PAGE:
For Microsoft, Samsung's Newest PC Is Evidence of a Disturbing Trend

Earlier this month, Samsung (NASDAQOTH: SSNLF  ) announced the 13.3-inch Chromebook 2, a faux-leather-clad successor to its popular 2012 Chromebook. Like its predecessor, it's powered by Chrome OS, Google's (NASDAQ: GOOGL  ) web-dependent operating system. Although it sports a larger, sharper screen, it doesn't offer much in the way of improved functionality -- fundamentally, it's still a lightweight laptop largely dependent on Google's web services.

But at $399, it's downright expensive compared to other Chromebooks, many of which cost only half as much. Samsung could be setting itself up for failure, but the company's willingness to offer a more high-end Chromebook is not a good sign for Microsoft's (NASDAQ: MSFT  ) Windows.

The growing popularity of Chromebooks
"Chromebooks have surprised us in the breadth of their field. It is not just education, it is small business," said Meg Whitman, Hewlett-Packard's CEO, at a technology conference earlier this month (via CNet).

Hewlett-Packard has become one of the biggest proponents of Google's operating system since it launched its first Chromebook about a year ago, but it's not alone -- in addition to Samsung, almost all of Microsoft's hardware partners have jumped on the Chromebook bandwagon.

Currently, Google's Chrome OS powers just a fraction of the PCs on the market: According to IDC, Chromebooks accounted for only 1% of PC sales in 2013. Yet, despite its current niche status, Google's operating system is growing in popularity. Late last year, NPD said Chromebooks accounted for about one-fifth of all laptops sold in commercial channels, while The Wall Street Journal noted that Chromebooks are beginning to dominate educational institutions.

Microsoft pushes back
With its primary market under siege, Microsoft has gone on the offense, launching a series of ad campaigns slamming Google's operating system and altering the way it sells Windows. Last month, Bloomberg reported Microsoft would cut its Windows licensing fee by 70% on PCs that retailed for less than $250 -- around the average price for a Chromebook.

But that raises an interesting question: What is behind the growing demand for Google's operating system? Is it just an inexpensive way to access the Internet, a retread of the once encompassing netbook fad? Or is it something more?

The Chromebook 2 suggests Samsung believes there's more to Chromebooks than their price tag. At $399, Samsung is coming quite close to the average price of a Windows laptop (historically $500-700), and while there are few $200 Windows laptops, there are many that sell for $400.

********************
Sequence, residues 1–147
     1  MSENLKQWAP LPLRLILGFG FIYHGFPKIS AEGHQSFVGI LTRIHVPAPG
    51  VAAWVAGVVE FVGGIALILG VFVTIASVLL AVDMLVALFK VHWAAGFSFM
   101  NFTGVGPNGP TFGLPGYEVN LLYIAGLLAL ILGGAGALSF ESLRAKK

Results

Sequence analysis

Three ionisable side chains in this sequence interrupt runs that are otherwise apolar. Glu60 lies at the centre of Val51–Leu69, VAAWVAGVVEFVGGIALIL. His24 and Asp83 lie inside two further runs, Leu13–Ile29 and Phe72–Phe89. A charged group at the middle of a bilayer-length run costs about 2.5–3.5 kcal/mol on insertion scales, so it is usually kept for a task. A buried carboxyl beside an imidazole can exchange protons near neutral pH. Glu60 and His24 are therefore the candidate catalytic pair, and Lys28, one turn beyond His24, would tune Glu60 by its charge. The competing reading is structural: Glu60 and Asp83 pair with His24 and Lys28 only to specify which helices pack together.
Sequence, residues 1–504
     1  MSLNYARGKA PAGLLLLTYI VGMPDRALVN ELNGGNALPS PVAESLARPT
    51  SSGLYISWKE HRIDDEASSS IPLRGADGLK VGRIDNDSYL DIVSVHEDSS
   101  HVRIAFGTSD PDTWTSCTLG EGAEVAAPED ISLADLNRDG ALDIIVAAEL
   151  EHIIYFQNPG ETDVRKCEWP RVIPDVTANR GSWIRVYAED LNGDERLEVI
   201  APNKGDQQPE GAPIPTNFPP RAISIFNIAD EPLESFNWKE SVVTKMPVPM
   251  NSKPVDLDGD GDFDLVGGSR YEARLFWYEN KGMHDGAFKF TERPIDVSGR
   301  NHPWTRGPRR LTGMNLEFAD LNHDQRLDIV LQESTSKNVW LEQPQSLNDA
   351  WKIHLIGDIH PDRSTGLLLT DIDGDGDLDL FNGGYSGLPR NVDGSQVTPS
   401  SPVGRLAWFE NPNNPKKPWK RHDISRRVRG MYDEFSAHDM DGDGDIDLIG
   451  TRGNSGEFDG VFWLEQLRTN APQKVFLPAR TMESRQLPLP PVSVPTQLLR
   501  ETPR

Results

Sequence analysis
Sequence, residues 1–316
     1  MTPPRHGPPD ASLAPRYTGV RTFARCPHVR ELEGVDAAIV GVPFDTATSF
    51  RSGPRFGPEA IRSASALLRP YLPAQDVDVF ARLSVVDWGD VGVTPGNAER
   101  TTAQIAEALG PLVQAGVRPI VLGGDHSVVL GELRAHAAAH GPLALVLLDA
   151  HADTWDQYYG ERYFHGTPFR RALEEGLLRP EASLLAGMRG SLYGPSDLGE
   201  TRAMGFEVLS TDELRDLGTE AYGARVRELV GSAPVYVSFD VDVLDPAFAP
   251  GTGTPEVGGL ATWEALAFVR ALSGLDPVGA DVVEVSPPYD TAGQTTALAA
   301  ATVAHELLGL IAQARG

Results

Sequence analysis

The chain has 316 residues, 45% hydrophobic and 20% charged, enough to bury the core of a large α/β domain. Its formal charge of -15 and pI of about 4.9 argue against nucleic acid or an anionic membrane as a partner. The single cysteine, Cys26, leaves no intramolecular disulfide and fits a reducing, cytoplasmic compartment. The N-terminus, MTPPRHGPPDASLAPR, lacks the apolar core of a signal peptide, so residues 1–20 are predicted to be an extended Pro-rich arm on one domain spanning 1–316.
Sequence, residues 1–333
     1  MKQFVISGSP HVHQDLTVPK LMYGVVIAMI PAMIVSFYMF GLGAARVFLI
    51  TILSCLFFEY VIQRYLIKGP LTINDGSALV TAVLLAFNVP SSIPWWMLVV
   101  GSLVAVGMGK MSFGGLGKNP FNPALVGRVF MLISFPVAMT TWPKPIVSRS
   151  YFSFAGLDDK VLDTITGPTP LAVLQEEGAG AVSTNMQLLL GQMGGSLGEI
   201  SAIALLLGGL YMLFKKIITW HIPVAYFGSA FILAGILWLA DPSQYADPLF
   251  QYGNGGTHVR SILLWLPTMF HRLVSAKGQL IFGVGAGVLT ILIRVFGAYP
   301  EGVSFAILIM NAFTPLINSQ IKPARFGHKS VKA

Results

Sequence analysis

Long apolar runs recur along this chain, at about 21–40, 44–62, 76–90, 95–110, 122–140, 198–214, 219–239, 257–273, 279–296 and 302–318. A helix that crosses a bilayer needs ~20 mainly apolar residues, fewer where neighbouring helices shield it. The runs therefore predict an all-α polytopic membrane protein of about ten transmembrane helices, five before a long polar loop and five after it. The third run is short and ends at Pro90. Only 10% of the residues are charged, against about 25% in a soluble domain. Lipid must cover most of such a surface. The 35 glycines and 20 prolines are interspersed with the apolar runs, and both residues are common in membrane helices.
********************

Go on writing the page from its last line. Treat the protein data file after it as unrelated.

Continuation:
More than just a cheap laptop
All of them can run local software, including Microsoft Office, giving them far more functionality than Samsung's similarly priced Chromebook. But as the owner of a Chromebook Pixel, I can attest to the appeal of Google's operating system.

Although it's limited in what it can do, what it does do, it does exceptionally well. Unlike Windows PCs, Chromebooks are virtually impervious to malware, and never require the user to install software updates. They're stunningly easy to use, with a single, easily navigable interface. If all one needs to do is browse the Internet, check email, and access cloud-based software, Chromebooks are a better bet than PCs running Microsoft Windows -- even when they cost the same.

Samsung's willingness to offer a more expensive Chromebook suggests that it's come to a similar conclusion. If the Chromebook 2 sells as well as its predecessor, it will prove that the demand for Google's Chrome OS extends beyond the budget-constrained.

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Read/Post Comments (15) | Recommend This Article (8)

Comments from our Foolish Readers

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  • Report this Comment On March 18, 2014, at 2:17 PM, Interventizio wrote:

    Will we see game producers embracing widespread Android pc adoption? I certainly hope so, given that I prefer pcs over tablets, and MSFT has definitely lost its way with Win 8.

  • Report this Comment On March 18, 2014, at 7:57 PM, Spencetopher wrote:

    No Microsoft is just stupid . . . everyone HATES WINDOWS 8. Bring back Windows 7 and your sales will return. Now can I have the CEO job?

  • Report this Comment On March 18, 2014, at 10:11 PM, engguy wrote:

    "But as the owner of a Chromebook Pixel, I can attest to the appeal of Google's operating system.

    Although it's limited in what it can do, what it does do, it does exceptionally well. Unlike Windows PCs, Chromebooks are virtually impervious to malware"

    Malware is made up mostly of trojans and other USER ACTIVATED programs. Even Chrome can't fend off user stupidity. And Chrome OS kernel fell at whitehat events. Chrome browser (which comprises the non-kernel part of Chrome OS for the most part) fell twice at pwn2own 2014 alone!

  • Report this Comment On March 18, 2014, at 10:55 PM, Kummin wrote:

    Anything to see MS go down in flames I'm for.

  • Report this Comment On March 18, 2014, at 11:38 PM, spinod wrote: